Taking care of a body can be really confusing. As more and more data and tech is developed to manage our bodies, it’s tempting to buy all the latest tools and compare and check our stats religiously- but trusting trackers, food logs, and external body ideals can actually erode trust in our own body and in the signals it gives us. When we wait to eat until a food journal gives us permission to eat, or keep exercising until a tech device tells us we can stop, we ignore the voice of our own body’s wisdom signaling hunger or tiredness.
Our body’s voice, like all voices, responds to being ignored in two ways: by growing silent or by growing very, very loud.
If ignored long enough, our internal cues of hunger, fullness, pain, tiredness, etc. can fade to indiscernible cues. When we ignore this internal voice for an extended time, the voice may burst through: hunger turns into an uncontrollable urge to binge, pain ignored turns into a breakdown-injury, or our unnoticed fatigue delivers us to the doorstep of burnout or breakdown.
In the clinical treatment of eating disorders, a major part of recovery is learning to rediscover and listen to a body’s internal cues. This practice can benefit all of us, as we all exist in a culture where inner wisdom is at best discounted (and at worst, vilified as “the enemy” of health). I firmly believe that being able to mindfully notice our body’s signals is not only essential for whole-body health, but is also inextricably linked to the intuition that helps us navigate the world safely.*
(*Humans have the ability to scan people and situations for danger. Most of us learned to ignore this intuition- and instead were acculturated to “be nice.” Modern research affirms old wisdom, however, demonstrating that trusting your intuition can save your life.)
A habit of tuning out our internal cues when it comes to food and movement can make it much harder to tune into that system of inner knowing when we really need it (like in relationships, in getting medical care, or in situations where we need to assess our personal safety).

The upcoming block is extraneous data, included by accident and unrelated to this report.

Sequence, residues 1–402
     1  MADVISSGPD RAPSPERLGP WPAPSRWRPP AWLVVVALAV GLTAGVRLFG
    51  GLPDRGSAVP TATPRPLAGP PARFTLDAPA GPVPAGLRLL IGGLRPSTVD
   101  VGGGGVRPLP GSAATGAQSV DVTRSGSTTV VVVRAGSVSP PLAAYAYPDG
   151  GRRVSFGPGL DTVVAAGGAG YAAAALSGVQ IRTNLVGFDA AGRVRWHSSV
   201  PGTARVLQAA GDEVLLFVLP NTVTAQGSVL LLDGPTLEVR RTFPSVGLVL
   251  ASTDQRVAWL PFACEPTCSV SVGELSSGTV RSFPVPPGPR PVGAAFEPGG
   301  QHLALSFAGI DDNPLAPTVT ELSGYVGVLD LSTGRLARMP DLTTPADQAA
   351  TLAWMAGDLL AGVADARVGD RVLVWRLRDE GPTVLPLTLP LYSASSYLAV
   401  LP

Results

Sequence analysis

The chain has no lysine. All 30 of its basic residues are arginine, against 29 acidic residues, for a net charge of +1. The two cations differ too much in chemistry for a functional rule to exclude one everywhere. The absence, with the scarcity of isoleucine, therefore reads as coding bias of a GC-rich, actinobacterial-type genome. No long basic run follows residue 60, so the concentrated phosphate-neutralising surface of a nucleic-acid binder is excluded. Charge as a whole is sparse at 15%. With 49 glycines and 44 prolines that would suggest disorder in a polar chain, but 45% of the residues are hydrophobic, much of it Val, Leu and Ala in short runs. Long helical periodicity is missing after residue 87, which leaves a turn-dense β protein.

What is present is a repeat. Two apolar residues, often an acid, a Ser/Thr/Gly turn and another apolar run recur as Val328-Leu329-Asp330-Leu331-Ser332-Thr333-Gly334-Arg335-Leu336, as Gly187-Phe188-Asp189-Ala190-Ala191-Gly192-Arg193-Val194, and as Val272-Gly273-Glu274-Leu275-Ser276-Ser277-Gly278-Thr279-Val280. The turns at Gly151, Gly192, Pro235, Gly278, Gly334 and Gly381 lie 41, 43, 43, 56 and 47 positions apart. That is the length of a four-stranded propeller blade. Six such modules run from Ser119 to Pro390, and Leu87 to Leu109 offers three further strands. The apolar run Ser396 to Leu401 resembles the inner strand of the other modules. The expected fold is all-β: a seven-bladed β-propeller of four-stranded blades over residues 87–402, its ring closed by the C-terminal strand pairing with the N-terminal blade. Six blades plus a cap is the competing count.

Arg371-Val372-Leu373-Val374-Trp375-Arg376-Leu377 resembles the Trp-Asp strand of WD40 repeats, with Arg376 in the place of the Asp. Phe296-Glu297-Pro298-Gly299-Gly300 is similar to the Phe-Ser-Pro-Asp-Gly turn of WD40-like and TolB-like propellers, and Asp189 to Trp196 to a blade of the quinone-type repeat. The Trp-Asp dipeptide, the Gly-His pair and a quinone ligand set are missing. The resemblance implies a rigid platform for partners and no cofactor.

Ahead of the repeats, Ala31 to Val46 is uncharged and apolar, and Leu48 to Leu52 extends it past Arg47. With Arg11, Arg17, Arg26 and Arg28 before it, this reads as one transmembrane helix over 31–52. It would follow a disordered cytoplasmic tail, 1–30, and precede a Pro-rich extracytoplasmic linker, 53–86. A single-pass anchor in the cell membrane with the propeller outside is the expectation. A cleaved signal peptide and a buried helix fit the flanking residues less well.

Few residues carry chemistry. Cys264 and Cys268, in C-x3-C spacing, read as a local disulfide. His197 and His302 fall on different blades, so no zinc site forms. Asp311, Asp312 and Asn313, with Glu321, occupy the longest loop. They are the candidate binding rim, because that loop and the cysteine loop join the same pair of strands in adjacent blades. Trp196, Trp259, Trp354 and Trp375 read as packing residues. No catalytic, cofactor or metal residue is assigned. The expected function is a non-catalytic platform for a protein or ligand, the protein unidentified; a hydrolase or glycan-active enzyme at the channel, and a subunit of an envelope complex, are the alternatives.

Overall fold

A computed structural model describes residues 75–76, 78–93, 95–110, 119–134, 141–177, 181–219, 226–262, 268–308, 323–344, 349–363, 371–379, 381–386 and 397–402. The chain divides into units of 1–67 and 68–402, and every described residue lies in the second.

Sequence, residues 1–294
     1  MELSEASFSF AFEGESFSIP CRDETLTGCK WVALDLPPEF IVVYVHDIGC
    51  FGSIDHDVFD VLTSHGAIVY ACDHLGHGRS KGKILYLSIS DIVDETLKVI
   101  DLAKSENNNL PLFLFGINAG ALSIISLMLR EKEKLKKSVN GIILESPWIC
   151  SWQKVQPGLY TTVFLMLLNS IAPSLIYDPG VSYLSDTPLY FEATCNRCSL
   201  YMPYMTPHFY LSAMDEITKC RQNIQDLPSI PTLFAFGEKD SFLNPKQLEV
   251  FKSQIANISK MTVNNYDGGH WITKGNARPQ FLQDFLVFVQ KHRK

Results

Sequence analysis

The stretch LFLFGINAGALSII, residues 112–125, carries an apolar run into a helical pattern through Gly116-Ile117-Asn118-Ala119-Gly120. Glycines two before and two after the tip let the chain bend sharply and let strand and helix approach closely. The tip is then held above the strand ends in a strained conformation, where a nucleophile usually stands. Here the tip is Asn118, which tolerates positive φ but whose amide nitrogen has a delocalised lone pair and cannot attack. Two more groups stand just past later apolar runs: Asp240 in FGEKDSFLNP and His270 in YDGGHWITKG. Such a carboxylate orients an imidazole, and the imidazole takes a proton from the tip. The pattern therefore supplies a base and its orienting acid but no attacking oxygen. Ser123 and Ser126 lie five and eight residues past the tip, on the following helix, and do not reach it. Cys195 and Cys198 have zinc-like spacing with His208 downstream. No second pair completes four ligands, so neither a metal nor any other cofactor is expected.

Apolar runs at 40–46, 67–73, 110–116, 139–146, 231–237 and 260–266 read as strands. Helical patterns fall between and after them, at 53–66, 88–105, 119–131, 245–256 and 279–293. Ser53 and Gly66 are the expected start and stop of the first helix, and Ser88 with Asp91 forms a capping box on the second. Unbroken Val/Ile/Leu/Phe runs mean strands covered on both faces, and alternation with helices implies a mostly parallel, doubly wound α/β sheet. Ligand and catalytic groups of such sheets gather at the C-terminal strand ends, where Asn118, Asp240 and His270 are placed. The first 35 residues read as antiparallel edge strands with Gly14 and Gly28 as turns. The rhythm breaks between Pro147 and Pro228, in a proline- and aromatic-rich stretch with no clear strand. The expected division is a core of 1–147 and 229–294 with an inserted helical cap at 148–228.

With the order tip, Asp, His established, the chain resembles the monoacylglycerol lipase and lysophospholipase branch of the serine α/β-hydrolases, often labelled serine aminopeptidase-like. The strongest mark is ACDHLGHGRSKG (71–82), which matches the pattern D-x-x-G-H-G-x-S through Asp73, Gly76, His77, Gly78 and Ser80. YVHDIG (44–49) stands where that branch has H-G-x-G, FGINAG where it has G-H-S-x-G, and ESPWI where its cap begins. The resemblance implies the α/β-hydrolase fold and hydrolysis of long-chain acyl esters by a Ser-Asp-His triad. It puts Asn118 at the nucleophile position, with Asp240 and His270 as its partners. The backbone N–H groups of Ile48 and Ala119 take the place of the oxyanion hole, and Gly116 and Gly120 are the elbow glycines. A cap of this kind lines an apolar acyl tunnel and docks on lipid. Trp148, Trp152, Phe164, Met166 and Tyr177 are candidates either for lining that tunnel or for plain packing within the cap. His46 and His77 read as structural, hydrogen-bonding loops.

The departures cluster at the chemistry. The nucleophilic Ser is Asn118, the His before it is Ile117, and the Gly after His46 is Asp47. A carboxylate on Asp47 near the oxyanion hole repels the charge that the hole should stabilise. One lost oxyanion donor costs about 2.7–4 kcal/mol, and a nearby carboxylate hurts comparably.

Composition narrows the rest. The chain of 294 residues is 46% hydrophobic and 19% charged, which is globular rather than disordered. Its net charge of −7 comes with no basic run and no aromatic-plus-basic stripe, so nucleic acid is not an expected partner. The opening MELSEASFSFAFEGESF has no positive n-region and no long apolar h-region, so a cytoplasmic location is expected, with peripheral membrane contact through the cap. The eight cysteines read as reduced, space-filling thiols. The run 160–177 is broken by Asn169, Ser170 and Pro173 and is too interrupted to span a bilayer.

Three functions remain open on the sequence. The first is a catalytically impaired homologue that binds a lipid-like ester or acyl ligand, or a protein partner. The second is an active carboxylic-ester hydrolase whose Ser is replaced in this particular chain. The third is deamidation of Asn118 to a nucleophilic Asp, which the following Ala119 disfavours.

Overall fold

In case no one has told you lately: YOUR BODY IS WISE. Your body is not the enemy. It does not require being caged, restricted, or controlled. It deserves to be treated with the care you’d give to someone you love: Let it take up space. Don’t ignore it when it’s talking, and if it’s just whispering, pause to listen- because its voice matters.
One commenter on Instagram brought up the counterpoint that sometimes bodies have “cravings due to habits and addictions, not out of actual need.” This is a point worth addressing- as I think it’s important we tease apart how “noticing” body sensations does not mean automatically reacting. Like any language, it takes time to learn how your body speaks, and the ways in which it might be confused. Let your wise mind engage with the wisdom of your body (and, as appropriate, the wisdom of professionals) to respond with care.
Let your wise mind engage with the wisdom of your body (and, as appropriate, the wisdom of professionals) to respond with care.
I actually do believe all bodies have wisdom- even when the wires are crossed or the body seems to be asking for unhealthy things. All bodies speak wisdom, but many bodies have been almost completely “rewired” through how our culture (and often our families, and sometimes traumatic experiences in our body) taught us to relate to our bodies and our food intake.
Cultivating trust in an internal authority doesn’t automatically mean denying external authorities, or that suddenly we give ourselves over to every sensation we feel, but actually means the start of a long process (for many of us, with the help of a therapist or dietician) to learn to listen and unjumble those signals.
The goal of listening is to grow the capacity to be able to mindfully feel, acknowledge, and choose how to respond to our body.